URMC Brain Development Study

URMC Joins Landmark Brain Development Study

The University of Rochester Medical Center (URMC) is participating in what is being characterized as the largest long-term study of brain development and child health. The study will follow the biological and behavioral development of more than 10,000 children from ages 9-10 through early adulthood.

The Adolescent Brain Cognitive Development (ABCD) Study was created by the National Institutes of Health to evaluate the developmental period during which the brain undergoes dramatic changes. The study will seek to better understand how children’s experiences impact brain maturation and other aspects of their lives, including academic achievement, social development, behavior, and overall health.

“Adolescence is a time of extraordinary physical, emotional, and intellectual growth,” said John Foxe, Ph.D., director of the Del Monte Neuroscience Institute and principal investigator of the URMC ABCD Study. “Yet there is a great deal that we don’t know about how experiences such as participation in sports or music programs, screen time, sleep patterns, and long-term exposure to medications and stimulants impact their transition to adulthood.”

URMC will join with 20 other research sites across the nation, resulting in an expected $1 million boost in federal support per year to the Medical Center over the next 10 years.

URMC will seek to recruit 275 local children to participate in the study. Research participants and their parents will be interviewed by researchers, complete surveys, and the children will perform games and puzzles designed to measure their cognitive function. Every two years, the children will also undergo MRI scans, which will allow researchers to safely and non-invasively collect a detailed image of the structure of their brains.

URMC recently acquired a state-of-the-art Siemens 3 Tesla Prisma MRI scanner that will be used for this project. The Medical Center has also assembled a team of 12 neuroscientists, technicians, post-doctoral fellows, and research assistants to carry out the decade-long study.

“Children’s brains undergo tremendous structural changes during the period of adolescence,” said Edward Freedman, Ph.D., an associate professor in the URMC Department of Neuroscience. “Our hope is that this study will enable us to identify and ultimately predict and prevent developmental problems and understand the protective social and biological building blocks that result in healthy and productive young adults.”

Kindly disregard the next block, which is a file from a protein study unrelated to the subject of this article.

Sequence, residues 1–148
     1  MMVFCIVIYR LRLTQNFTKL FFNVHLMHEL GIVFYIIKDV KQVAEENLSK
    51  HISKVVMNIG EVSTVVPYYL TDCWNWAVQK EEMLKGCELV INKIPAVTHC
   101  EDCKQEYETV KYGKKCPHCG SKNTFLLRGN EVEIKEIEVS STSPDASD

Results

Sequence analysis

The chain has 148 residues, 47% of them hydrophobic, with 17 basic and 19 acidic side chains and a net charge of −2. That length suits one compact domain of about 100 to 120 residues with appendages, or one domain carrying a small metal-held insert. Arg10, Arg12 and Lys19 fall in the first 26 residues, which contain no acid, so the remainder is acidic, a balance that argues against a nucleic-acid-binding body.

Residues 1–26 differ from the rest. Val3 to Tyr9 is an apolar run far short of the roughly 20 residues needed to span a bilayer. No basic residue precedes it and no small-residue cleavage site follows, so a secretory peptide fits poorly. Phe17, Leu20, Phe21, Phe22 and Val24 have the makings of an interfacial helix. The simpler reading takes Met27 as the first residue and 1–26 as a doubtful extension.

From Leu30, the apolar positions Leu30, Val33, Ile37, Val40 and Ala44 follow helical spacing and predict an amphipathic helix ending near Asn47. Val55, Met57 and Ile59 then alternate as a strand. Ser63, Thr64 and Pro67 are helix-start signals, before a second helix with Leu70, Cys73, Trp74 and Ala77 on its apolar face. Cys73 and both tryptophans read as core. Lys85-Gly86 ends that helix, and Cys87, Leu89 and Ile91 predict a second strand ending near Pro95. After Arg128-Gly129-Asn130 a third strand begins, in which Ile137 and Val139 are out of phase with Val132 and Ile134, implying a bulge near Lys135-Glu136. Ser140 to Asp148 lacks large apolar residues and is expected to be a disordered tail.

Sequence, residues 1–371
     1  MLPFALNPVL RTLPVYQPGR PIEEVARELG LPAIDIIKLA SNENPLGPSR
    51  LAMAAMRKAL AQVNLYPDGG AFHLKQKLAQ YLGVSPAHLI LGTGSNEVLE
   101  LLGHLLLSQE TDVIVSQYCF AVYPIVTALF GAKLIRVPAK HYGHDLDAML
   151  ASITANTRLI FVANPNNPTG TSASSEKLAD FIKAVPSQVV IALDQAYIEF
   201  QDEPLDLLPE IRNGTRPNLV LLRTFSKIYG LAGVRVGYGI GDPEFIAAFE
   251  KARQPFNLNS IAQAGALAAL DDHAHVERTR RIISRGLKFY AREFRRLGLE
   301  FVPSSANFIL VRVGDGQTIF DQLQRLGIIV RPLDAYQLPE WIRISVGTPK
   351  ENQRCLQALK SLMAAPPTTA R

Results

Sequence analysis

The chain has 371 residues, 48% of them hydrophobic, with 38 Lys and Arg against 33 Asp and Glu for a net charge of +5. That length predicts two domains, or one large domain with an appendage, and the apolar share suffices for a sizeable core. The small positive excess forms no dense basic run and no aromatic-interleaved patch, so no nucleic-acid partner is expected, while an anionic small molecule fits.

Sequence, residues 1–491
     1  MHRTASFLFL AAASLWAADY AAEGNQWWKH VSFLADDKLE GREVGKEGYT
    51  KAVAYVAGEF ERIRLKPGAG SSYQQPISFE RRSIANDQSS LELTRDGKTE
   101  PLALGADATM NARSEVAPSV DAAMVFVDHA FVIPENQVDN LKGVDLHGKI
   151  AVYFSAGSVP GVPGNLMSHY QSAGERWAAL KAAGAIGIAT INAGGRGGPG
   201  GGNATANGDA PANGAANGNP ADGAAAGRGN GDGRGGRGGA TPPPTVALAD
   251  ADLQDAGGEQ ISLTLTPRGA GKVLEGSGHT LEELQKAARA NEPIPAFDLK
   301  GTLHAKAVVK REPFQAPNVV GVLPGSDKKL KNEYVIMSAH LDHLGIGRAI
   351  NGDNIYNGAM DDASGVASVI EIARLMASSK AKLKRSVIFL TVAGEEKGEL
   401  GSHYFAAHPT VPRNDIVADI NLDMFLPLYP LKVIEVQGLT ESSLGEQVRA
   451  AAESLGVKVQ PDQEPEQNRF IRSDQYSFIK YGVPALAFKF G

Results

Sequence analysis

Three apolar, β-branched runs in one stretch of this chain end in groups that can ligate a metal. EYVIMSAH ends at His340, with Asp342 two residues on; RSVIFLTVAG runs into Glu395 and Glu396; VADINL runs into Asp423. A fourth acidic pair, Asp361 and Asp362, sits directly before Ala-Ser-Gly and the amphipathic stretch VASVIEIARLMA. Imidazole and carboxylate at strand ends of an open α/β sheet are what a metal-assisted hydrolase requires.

URMC scientists will work closely with the region’s public and parochial schools to identify and recruit children to participate in the study. Elementary schools will be approached by URMC researchers on a rolling basis and information about the study will be sent to the students’ homes. The study has received support from the majority of the superintendents in the greater Rochester region.

“We are excited by the prospect of being involved in this important research project,” said Kathleen Graupman, the superintendent of the Greece Central School District. “Understanding the development of the children who attend our schools will provide incredibly valuable information that, I hope, will someday enrich our educational process and our communities.”

The ABCD study is supported by the National Cancer Institute, the Eunice Kennedy Shriver Institute of Child Health and Human Development, the National Institute of Neurological Disorders and Stroke, the National Institute on Drug Abuse, the National Institute on Alcohol Abuse and Alcoholism, the National Institute of Mental Health, the National Institute on Minority Health and Health Disparities, the NIH Office of Behavioral and Social Sciences Research, the NIH Office on Research on Women’s Health, and the Division of Adolescent and School Health at the Centers for Disease Control and Prevention.

For more information about the ABCD study, visit https://ABCDstudy.org/

Mark Michaud  September 2017

To read the latest about all of what Rochester helps make possible, please visit the University’s Newscenter here and the Medical Center’s Newsroom here.

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